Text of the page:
JOHANNESBURG (AP) — The Nelson Mandela Foundation on Tuesday sharply criticized South African President Jacob Zuma, saying "political meddling for private interests" during his tenure has weakened state institutions and poses a threat to the country's democracy.
"It is painful for us at the Nelson Mandela Foundation to bear witness to the wheels coming off the vehicle of our state," the foundation said in a statement that was unusual because the organization, created by Mandela, has avoided direct commentary on political disputes.
Instead, the foundation has focused on themes such as justice and equality, as well as the legacy of racism dating from South Africa's era of white minority rule, which ended in 1994 when Mandela was elected South Africa's first black president.
The statement came amid an outcry in South Africa over Zuma, who has lost popularity even within his own ruling African National Congress party because of a series of scandals.
One of those unfolded in court on Tuesday as government lawyers argued against the release of a state watchdog report about allegations that a business family linked to Zuma sought to influence some Cabinet post selections. "The public has got a right to this report as soon as possible," countered Dali Mpofu, an opposition lawyer.
Opposition groups planned a major demonstration in Pretoria, South Africa's administrative capital, on Wednesday. The rally originally was meant to coincide with a court appearance by the finance minister, who was charged with fraud in what critics alleged was a move by pro-Zuma factions against perceived opponents.
Organizers decided to go ahead with the protest even though the director of the National Prosecuting Authority dropped the charges against the minister while denying they were politically motivated.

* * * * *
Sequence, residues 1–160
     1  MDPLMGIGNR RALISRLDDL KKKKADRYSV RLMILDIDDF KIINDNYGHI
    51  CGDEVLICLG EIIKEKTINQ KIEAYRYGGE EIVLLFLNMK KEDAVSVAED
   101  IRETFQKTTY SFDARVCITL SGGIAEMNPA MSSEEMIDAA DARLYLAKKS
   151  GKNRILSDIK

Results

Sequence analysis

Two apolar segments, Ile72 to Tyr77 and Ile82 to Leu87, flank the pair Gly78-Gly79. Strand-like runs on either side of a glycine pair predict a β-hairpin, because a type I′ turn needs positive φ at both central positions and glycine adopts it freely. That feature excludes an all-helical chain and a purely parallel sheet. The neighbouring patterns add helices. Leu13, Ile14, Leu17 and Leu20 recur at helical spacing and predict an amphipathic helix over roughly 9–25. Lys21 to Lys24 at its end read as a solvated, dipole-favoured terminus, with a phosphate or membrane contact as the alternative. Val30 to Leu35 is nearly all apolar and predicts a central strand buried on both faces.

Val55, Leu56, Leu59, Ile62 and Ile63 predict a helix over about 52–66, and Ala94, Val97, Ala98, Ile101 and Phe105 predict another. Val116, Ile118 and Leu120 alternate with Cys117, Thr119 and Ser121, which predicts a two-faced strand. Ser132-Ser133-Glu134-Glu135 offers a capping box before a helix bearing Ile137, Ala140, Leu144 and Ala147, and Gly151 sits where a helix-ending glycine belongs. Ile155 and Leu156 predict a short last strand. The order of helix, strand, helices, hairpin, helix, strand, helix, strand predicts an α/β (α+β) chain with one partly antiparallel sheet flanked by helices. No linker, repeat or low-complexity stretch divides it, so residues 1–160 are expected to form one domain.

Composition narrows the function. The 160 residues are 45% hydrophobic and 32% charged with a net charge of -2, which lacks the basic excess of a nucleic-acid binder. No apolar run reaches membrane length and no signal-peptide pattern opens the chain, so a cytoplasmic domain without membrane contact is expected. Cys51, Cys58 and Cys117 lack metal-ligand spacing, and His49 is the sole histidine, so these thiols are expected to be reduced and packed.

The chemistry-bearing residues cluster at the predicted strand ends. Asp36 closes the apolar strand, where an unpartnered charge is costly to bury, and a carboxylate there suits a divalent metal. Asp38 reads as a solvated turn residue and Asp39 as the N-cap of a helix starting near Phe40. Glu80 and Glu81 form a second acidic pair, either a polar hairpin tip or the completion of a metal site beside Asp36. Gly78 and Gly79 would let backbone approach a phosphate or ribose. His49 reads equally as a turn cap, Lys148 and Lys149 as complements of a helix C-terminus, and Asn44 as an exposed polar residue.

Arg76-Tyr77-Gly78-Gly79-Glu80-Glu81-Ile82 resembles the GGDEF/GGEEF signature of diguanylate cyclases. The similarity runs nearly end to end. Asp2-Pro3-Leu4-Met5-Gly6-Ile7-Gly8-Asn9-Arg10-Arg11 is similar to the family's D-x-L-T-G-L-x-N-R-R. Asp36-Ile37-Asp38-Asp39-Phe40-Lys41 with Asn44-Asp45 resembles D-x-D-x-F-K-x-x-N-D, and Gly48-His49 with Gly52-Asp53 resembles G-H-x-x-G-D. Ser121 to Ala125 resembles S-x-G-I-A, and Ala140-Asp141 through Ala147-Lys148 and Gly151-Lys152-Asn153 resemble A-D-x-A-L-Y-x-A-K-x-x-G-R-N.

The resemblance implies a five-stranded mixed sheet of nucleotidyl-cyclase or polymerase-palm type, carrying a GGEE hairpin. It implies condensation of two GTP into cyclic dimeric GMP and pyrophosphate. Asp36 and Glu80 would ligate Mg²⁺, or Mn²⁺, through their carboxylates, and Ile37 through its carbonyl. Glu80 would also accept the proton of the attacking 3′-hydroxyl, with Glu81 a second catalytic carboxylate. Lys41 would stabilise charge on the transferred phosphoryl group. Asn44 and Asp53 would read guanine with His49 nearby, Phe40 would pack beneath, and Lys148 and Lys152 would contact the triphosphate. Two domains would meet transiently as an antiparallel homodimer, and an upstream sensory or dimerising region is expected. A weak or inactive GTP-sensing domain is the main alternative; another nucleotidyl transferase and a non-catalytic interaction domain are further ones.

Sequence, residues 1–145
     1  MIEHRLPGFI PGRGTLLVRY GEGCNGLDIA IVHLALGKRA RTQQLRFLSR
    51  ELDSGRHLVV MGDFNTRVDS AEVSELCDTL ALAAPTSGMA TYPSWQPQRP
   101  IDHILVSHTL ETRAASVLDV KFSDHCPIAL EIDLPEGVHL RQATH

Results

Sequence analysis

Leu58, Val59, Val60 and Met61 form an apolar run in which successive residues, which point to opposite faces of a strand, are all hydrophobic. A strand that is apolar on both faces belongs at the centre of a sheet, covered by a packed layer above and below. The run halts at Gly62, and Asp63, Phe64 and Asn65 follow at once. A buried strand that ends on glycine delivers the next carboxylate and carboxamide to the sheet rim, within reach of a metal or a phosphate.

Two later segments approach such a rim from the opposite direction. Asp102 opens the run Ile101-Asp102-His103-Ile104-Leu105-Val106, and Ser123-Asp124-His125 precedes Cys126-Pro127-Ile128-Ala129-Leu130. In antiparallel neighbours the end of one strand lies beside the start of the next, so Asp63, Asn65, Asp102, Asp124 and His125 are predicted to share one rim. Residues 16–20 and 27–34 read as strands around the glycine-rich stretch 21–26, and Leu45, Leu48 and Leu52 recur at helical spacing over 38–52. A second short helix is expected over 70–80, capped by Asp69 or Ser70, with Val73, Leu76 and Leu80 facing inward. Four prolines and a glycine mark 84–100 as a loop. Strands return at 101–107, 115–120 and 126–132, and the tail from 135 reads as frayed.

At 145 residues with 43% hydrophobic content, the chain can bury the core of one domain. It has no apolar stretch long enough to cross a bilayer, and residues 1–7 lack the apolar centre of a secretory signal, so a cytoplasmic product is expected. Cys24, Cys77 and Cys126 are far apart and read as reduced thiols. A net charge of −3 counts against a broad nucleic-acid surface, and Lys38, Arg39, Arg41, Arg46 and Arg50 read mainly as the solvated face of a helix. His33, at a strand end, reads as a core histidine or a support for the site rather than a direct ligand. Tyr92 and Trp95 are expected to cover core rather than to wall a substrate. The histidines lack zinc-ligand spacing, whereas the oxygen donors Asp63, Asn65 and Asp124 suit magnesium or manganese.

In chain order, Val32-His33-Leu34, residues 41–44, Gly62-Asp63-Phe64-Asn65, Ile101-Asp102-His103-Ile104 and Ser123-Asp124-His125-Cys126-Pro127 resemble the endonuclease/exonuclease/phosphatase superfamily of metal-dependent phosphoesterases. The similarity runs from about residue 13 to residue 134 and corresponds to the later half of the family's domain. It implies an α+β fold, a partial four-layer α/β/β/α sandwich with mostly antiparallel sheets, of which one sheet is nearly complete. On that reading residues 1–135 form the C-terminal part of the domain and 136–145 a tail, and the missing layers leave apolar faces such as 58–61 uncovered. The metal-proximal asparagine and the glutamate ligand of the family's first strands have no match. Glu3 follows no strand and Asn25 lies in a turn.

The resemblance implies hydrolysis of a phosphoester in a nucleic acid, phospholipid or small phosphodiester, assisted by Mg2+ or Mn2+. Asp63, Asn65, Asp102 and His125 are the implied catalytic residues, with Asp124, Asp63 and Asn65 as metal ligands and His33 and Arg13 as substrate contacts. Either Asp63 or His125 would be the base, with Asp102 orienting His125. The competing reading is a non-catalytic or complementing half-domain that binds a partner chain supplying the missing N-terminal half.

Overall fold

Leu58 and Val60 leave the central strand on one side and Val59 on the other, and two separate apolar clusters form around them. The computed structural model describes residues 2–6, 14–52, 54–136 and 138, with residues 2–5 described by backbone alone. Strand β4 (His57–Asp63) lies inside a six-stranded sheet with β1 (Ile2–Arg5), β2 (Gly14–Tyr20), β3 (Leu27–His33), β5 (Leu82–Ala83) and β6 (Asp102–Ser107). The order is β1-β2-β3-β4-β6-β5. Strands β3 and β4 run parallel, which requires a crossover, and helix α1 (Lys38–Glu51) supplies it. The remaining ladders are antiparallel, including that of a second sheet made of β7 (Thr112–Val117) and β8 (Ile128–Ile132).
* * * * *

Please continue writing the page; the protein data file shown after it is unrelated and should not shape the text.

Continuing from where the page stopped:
"We have seen a weakening of critical institutions such as the South African Revenue Service, the National Prosecuting Authority and law enforcement bodies due to political meddling for private interests," said Njabulo Ndebele, chairman of the Nelson Mandela Foundation.
Ndebele referred to another scandal in which the Constitutional Court said in March that Zuma had flouted the constitution when he didn't pay back some of the more than $20 million in state funds used to upgrade his rural home. Zuma apologized and paid back more than $500,000, an amount determined by the national treasury.
"It is increasingly a national consensus that he has failed the test" of his constitutional obligations, Ndebele said.
The Nelson Mandela Foundation chairman did not directly call for Zuma's resignation, as some South Africans have done, but urged the ruling party to ensure that the state is put "in safe and capable hands."
Bongani Ngqulunga, a spokesman for Zuma, said he had not seen the statement and could not immediately comment.
Zuma retains powerful supporters in the government despite growing rifts within the ruling party, which suffered heavy losses in local elections earlier this year, partly because of public dissatisfaction with the president.
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